Richard Linklater has always had his head in the past. Every era of his life has been mined for cinematic treasures, be it high school (Dazed And Confused), university (Everybody Wants Some!!), early adulthood (Before Sunrise), or pretty much all of the above (Boyhood). This, his 21st feature, zeroes in on only a single summer, but it’s no less vivid for it; if anything, it feels like his most personal film in years.
As with Waking Life and A Scanner Darkly before it, Linklater uses a unique style of animation to take his trip down memory lane: directing his actors in live action, before a team of animators trace over those performances in a technique known as rotoscoping, which gives the character-motion an eerily realistic feel. Where the technique in those previous two films heightened the sense of reality detaching itself, here it’s employed for sweeter reasons: our hero Stanley (voiced byJack Black in narration, and played by Milo Coy in ten-year-old form) is a dreamer, or “fabulist” as he calls himself, and that strange, hyper-real aesthetic neatly chimes with the script’s deliberate fuzziness of reality and fiction.
This is a story with its head in the stars but its heart on the ground. In Stanley’s telling, there was a secret mission, days before the famous Apollo 11 walk on the moon, which saw NASA recruit him, a small child, to test their equipment on the moon first. The reason given: they “accidentally built the lunar module a little too small”. It’s exactly the kind of far-fetched story an over-imaginative kid might brandish during school recess to impress his classmates.
There’s much delight to be had from a character at the vanguard of history, both real and pretend, but Linklater is just as interested in the minor details as the momentous ones.
That imagined mission bookends the film, but the meat of the thing is really Linklater (who also wrote the script) luxuriating in his memories. Growing up in the newly built suburbs of a town whose main employer is NASA — just as Linklater indeed did — Stanley and those around him are obsessed with the Space Age. It’s everywhere. Sonic booms occasionally rumble overhead from the nearby Houston Space Center. The kids visit AstroWorld and set off toy rockets in their gardens. Most people’s parents work in the booming local space economy. “Science class was so exciting,” Black’s voiceover explains, “because it felt like current events.”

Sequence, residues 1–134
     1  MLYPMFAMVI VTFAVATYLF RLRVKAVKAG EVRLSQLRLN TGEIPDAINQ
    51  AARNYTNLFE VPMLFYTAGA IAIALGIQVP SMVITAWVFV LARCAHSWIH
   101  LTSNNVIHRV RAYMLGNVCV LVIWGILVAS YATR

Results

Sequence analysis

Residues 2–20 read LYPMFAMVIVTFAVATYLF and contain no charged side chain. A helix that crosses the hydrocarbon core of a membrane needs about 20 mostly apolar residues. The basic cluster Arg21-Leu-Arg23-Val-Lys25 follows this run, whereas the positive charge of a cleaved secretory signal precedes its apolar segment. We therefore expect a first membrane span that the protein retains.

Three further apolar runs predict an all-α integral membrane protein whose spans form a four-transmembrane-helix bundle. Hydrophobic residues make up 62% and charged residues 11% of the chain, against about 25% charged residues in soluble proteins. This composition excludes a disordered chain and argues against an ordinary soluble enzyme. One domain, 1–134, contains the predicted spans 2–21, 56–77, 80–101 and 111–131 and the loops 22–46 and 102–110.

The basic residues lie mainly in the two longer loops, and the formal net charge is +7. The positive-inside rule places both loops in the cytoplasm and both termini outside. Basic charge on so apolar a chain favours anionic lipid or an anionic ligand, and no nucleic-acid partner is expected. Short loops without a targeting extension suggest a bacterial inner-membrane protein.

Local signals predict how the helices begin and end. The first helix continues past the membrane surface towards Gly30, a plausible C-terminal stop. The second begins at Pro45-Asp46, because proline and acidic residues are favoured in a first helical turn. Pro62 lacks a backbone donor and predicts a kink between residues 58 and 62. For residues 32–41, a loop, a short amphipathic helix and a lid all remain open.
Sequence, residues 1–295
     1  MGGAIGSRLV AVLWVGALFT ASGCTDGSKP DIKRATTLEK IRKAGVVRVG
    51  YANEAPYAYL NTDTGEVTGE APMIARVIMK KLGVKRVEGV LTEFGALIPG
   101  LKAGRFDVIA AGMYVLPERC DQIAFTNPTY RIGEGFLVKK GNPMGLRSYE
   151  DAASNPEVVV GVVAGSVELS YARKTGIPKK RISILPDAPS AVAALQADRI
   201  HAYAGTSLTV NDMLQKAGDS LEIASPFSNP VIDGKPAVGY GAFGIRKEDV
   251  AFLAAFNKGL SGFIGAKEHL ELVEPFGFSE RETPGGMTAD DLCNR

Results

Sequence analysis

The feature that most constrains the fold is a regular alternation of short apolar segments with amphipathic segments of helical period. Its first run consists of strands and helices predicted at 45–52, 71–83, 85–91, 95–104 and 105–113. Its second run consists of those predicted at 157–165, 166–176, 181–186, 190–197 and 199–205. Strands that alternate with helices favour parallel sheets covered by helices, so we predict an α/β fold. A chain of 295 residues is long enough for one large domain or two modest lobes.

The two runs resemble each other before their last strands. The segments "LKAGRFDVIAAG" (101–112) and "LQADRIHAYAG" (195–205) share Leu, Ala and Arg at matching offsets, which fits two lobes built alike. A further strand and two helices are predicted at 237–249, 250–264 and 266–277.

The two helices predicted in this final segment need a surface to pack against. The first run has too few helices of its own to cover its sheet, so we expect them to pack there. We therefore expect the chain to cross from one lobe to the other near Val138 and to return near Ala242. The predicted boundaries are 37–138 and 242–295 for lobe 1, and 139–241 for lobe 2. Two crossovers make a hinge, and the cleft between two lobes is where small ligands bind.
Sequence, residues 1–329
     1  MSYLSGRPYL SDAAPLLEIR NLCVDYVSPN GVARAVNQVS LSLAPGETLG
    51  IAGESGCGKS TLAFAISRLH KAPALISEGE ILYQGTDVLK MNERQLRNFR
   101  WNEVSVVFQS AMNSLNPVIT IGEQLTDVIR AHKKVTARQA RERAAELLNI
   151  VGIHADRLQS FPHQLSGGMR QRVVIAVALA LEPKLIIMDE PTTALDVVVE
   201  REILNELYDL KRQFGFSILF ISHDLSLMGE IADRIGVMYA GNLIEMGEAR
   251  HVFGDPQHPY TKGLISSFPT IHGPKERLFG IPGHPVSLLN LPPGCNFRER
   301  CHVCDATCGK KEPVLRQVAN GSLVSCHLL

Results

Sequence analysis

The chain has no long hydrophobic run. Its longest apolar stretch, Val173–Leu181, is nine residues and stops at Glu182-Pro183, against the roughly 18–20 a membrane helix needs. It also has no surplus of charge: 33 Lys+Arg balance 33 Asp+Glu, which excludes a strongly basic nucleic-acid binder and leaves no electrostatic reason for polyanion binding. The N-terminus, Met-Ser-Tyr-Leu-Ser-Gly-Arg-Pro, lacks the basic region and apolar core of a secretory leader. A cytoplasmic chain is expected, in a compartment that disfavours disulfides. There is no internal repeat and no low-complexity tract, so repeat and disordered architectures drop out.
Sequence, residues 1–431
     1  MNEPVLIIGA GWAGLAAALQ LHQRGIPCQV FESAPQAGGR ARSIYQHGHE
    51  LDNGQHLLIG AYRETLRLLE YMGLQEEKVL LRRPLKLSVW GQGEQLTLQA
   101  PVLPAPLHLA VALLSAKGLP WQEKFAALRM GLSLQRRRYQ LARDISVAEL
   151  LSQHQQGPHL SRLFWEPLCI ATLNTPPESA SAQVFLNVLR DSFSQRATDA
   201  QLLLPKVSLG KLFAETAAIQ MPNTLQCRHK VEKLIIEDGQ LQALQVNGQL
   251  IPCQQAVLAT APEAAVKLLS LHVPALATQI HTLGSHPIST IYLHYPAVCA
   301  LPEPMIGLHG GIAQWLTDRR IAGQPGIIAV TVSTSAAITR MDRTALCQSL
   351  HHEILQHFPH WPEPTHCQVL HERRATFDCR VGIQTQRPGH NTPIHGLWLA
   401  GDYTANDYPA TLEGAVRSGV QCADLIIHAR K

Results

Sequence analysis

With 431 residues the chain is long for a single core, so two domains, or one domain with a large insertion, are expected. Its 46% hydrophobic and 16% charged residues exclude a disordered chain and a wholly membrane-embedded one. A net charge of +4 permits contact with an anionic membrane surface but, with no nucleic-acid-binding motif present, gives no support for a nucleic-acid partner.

There’s much delight to be had from a character at the vanguard of history, both real and pretend, but Linklater is just as interested in the minor details as the momentous ones. A neighbour spends his days smoking a cigar in his open garage, watching the world go by. Grandparents who lived through the Depression reuse paper towels. A school lunch sandwich is still partly frozen after being batch-made by a mother of five and chucked in a freezer on a Sunday. There are tons of these gorgeously observed moments, thoughtfully given time and space to breathe, which make it seem less like an indulgent exercise and more like a memoir.
As with many a loosey-goosey Linklater joint before it, there’s not much of a driving narrative here: it’s more a series of vignettes, plucked from real life. Some might find the nostalgia-fest a little excessive — at one point Stanley literally just lists his favourite TV shows, which feels a bit like an ‘I Love The ’60s’ clip show. But at its best, it works like a powerful, evocative dream. “You know how memory works,” Stanley’s mother (Lee Eddy) says at one point. “Even if he was asleep, he’ll think he saw it all.” Watching this charming film has the effect of thinking you were there, too.